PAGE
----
3 Design of Simple Logic Systems 3. Table 3. The problem is stated as follows. Let the outputs from the transducers connected to the 'power on' switch. We assume that suitable transducers are available which give voltage levels falling into the logical 1 category when the safety guard is in position and when the current taken from the supply is below the safe limit.1. Such safety interlock systems have been used for many years of course and often use relay circuits. The required system operation is described by the truth table shown in table 3.1 p G 0 0 0 0 0 1 24 0 0 0 1 c F 0 1 0 1 0 0 0 0 0 0 0 0 0 .1 A simple design example As an introduction to simple logic design procedures. A motor is required to run when the 'power on' switch is operated provided that the safety guard is in position and provided that the current taken from the supply does not exceed some predetermined value. Although the systems may be and often are designed by purely intuitive means. This output could then be used to close a relay thus connecting the motor to the power supply. boolean techniques may be applied and will be used in this case. G and C respectively. the safety guard and the supply current indicator be described by the boolean variables P. The system is required to give a logical 1 output when the above conditions are satisfied. we shall consider a system which is required to act as a safety interlock to prevent an electric motor running in a situation when damage can result.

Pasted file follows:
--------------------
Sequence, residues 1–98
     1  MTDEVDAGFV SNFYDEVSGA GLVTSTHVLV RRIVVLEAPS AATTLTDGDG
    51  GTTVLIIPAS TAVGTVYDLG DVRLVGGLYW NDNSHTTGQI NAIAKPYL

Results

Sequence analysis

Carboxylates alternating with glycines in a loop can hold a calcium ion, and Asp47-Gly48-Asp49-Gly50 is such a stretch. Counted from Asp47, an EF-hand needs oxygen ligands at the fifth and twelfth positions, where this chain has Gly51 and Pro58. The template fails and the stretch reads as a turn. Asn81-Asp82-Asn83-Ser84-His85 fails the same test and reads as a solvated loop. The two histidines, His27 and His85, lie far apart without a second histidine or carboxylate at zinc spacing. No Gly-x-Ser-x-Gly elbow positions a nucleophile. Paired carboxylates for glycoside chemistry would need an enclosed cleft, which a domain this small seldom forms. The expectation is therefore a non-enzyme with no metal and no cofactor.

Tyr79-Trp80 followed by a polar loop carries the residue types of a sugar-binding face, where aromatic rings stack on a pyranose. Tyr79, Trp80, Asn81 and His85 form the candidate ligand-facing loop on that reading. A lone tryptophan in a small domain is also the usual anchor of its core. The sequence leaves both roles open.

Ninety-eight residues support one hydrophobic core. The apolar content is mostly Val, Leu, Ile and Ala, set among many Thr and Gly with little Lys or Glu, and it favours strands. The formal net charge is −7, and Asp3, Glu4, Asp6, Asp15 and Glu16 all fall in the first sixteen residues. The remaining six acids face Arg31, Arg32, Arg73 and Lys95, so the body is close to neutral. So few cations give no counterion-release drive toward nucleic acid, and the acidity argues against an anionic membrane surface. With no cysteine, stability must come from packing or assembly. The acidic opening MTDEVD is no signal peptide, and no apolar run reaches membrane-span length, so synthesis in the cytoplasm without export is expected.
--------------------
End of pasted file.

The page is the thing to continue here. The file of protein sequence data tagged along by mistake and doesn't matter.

The required operation is therefore performed using NOR gates only in the system shown in figure 3.G I 0 ". ...2 An additional variable Let us now consider the design problem discussed above but with the additional feature that a maintenance engineer shall have a key which when inserted will enable the motor to run· whether or not the safety guard is in position although the 'power on' switch must still be operated and the supply current must be below the safety limit..DESIGN OF SIMPLE LOGIC SYSTEMS 25 It is immediately apparent that table 3. An obvious step is to use De Morgan's theorem to convert the AND type operation to the equivalent NOR operation. r p I 0 . G and Cis equivalent to a NOR operation on P.2. gates are to be used from a range in which only positive logic NOR type operations are available.... Let the output of the system indicating whether or not the key is in position be denoted by the boolean variable K. however.. The required system could therefore consist of a single AND gate. Note that twoinput NOR gates with one input taken to logical 0 have been used to perform the NOT operation as described previously. We have P+G+C=P· G· c Inverting both sides gives P+G+C=P·G·CP·G·C This shows that an AND operation on P.. The truth table describing the operation of the system must be modified to take account of the new feature of the safety guard override key..1 3.1 simply describes the boolean AND operation. """"" p '  .. 6 I ' c b P+ r" ' rI 0 ''"""'"' c ' Figure 3.. A device can be incorporated in the system such that insertion of the key will cause a voltage level identified as a logic 1 to be generated. G and C. The revised truth table is shown in table 3.1. Suppose..